HP-15C The time an object takes to fall to the ground - Printable Version +- HP Forums ( https://www.hpmuseum.org/forum)+-- Forum: HP Calculators (and very old HP Computers) ( /forum-3.html)+--- Forum: General Forum ( /forum-4.html)+--- Thread: HP-15C The time an object takes to fall to the ground ( /thread-7405.html) |

HP-15C The time an object takes to fall to the ground - Gamo - 12-11-2016 11:49 AM
According to the User's Manual Page 14 example of the basic programing about the time an object takes to fall to the ground. I try to find the exact second from the distance from it. Second Height (Meter) 1 4.9 2 19.6 3 44.1 4 78.4 Percent difference between 4.9 to 19.6 is 300% when add 78.4 + 300% = 313.6 313.6 meter using the programed formula equal to 8 second 8 313.6 16 1254 32 5016 64 20064 128 80256 the number in seconds is 8, 16, 32, 64, 128 look like a computer bits numbers. Just curious and share the though..... RE: HP-15C The time an object takes to fall to the ground - Dieter - 12-11-2016 07:01 PM
(12-11-2016 11:49 AM)Gamo Wrote: According to the User's Manual Page 14 example of the basic programing about The formula is heigth [m] = 4,9 x time[s]^2 Where 4,9 is 1/2 of the well known 9,8 m/s here on earth. (12-11-2016 11:49 AM)Gamo Wrote: Percent difference between 4.9 to 19.6 is 300% when add 78.4 + 300% = 313.6 19,6 simply is 4x 4,9. And 313,6 is 4x 78,4. (12-11-2016 11:49 AM)Gamo Wrote: 313.6 meter using the programed formula equal to 8 second Sure. If the time doubles, the height changes by a factor of 2² = 4. Or +300%, if you prefer. Or: if the height quadruples (from 78,4 to 313,6 m) this means that the time changes by a factor of 2, e.g. here from 4 to 8 seconds. (12-11-2016 11:49 AM)Gamo Wrote: 8 313.6 I'm not sure what to want to say with the last table, but it's nothing but simple math. ;-) If you add 300% to the height, i.e. multiply the height by 4, the corresponding time doubles (=sqrt(4)), as do the listed seconds (8, 16, 32, ...). Dieter RE: HP-15C The time an object takes to fall to the ground - Vtile - 12-12-2016 11:33 AM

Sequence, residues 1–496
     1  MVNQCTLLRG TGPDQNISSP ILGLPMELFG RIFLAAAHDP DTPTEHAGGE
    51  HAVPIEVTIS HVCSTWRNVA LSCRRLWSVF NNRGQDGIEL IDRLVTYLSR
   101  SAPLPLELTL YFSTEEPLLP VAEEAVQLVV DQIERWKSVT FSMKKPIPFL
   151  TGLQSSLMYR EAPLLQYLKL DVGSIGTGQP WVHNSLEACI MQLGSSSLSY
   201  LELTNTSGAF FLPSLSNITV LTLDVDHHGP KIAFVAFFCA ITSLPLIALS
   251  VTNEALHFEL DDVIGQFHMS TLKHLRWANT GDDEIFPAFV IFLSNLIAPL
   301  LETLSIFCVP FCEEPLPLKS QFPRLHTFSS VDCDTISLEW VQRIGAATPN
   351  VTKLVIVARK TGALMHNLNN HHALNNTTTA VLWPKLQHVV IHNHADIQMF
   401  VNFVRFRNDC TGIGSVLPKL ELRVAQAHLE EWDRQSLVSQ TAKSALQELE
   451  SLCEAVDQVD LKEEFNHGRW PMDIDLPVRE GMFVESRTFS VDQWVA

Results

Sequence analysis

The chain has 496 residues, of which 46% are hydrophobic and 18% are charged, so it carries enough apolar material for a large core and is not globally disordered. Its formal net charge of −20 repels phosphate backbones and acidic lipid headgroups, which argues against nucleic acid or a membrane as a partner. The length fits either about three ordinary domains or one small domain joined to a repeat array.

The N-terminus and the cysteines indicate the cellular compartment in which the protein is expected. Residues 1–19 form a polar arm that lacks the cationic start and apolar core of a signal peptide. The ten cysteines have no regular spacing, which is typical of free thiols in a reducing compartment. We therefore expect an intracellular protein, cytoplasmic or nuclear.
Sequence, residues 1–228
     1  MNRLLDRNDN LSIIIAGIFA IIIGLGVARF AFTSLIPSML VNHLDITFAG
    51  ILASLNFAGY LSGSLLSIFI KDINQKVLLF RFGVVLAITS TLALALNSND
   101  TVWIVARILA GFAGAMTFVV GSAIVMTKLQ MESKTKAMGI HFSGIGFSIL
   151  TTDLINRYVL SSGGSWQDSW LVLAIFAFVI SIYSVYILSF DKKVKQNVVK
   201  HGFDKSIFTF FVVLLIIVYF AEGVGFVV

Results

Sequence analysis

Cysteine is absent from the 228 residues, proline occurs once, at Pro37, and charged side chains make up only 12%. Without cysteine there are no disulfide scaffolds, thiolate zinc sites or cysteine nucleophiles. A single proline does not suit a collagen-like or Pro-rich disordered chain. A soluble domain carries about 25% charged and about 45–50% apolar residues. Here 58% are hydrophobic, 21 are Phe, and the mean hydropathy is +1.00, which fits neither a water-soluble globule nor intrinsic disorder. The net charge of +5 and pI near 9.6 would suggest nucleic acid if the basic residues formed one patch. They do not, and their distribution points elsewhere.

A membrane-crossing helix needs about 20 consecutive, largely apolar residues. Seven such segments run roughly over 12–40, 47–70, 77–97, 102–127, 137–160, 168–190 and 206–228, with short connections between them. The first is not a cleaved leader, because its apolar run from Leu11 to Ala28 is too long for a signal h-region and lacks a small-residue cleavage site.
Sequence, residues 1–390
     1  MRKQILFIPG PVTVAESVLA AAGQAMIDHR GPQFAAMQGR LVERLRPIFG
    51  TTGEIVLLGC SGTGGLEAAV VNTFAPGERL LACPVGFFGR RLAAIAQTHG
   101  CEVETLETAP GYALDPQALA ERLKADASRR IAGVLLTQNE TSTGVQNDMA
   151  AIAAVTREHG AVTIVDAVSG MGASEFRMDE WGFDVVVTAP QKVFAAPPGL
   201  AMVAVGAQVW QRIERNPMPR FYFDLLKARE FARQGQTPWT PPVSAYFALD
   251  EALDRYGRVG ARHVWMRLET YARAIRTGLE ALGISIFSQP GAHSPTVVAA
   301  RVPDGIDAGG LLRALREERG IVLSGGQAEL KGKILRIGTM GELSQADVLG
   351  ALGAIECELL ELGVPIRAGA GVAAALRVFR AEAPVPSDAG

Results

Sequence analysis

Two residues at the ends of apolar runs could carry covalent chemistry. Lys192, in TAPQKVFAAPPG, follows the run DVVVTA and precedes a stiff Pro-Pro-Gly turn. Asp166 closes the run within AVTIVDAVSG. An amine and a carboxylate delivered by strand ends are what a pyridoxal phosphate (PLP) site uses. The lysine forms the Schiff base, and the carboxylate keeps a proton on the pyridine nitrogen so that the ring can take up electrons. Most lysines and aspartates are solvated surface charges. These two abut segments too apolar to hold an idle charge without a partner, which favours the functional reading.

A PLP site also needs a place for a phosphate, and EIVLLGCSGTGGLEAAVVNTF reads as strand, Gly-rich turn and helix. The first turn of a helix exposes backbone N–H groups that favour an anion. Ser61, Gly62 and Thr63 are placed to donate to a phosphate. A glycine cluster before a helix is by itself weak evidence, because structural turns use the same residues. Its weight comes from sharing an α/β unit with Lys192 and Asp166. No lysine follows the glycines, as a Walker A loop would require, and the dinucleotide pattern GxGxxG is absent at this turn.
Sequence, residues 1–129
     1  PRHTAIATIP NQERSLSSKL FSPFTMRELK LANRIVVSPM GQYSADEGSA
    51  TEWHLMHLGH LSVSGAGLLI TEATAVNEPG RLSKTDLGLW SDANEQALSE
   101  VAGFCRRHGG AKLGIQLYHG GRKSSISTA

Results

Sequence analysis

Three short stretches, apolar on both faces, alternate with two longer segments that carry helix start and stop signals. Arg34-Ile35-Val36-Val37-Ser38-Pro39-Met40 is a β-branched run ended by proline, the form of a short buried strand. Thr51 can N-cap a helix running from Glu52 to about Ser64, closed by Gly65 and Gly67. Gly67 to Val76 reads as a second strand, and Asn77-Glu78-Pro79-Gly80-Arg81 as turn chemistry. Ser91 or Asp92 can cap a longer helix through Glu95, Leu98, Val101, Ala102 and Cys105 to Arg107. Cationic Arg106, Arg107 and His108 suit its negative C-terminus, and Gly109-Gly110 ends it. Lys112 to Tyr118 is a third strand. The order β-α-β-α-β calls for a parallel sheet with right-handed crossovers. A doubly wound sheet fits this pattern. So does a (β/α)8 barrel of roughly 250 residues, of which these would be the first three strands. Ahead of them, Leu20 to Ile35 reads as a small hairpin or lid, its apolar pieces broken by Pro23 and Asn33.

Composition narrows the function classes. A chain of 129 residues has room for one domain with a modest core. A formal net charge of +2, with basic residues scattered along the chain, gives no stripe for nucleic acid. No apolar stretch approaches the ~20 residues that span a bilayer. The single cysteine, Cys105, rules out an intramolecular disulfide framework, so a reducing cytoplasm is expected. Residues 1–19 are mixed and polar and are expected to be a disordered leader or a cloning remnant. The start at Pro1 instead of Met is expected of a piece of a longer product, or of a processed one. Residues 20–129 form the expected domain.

Actually because of the standard gravity ~9,81 m/s^2 (9,78..9,32 /wiki/) is only approximation, that formulae would give wrong answers depending if you are doing the experiment in equator or in the poles. Also Dieter you forgot one 1/s at your answer, it is not speed, but acceleration. RE: HP-15C The time an object takes to fall to the ground - Dieter - 12-12-2016 07:55 PM
(12-12-2016 11:33 AM)Vtile Wrote: Actually because of the standard gravity ~9,81 m/s^2 (9,78..9,32 /wiki/) is only approximation, that formulae would give wrong answers depending if you are doing the experiment in equator or in the poles. Mother Nature doesn't work with more than two significant digits. The 15C program uses a rounded value of 4,9 m/s². Which should be OK for most places on earth. ;-) (12-12-2016 11:33 AM)Vtile Wrote: Also Dieter you forgot one 1/s at your answer, it is not speed, but acceleration. Right, there really is a "²" missing. Dieter RE: HP-15C The time an object takes to fall to the ground - Gamo - 12-21-2016 04:59 AM
Math is beautiful !!! Very helpful comment Thank You every one. RE: HP-15C The time an object takes to fall to the ground - Dave Shaffer - 12-21-2016 08:38 PM
(12-12-2016 07:55 PM)Dieter Wrote: Mother Nature doesn't work with more than two significant digits. The 15C program uses a rounded value of 4,9 m/s². Which should be OK for most places on earth. ;-) Not so fast - depends on what you are doing! Mother Nature may need 12 or 13 significant digits: in our geodesy research, we use very fancy gravimeters (look up in wikipedia) that can measure "g" (the local gravitational acceleration) to parts per trillion! With this precision, you can measure solid earth tides: the ground under your feet cycles up and down twice per day at the tens of centimeters level. RE: HP-15C The time an object takes to fall to the ground - Vtile - 12-21-2016 10:17 PM
(12-21-2016 08:38 PM)Dave Shaffer Wrote:Well that is what I call a cool bit of information. Yes, mother earth do not work with two significant digits like this air floatation effect (lost in translation, Iirc it had a decent one word name) in very light, but large by volume objects.(12-12-2016 07:55 PM)Dieter Wrote: Mother Nature doesn't work with more than two significant digits. The 15C program uses a rounded value of 4,9 m/s². Which should be OK for most places on earth. ;-) |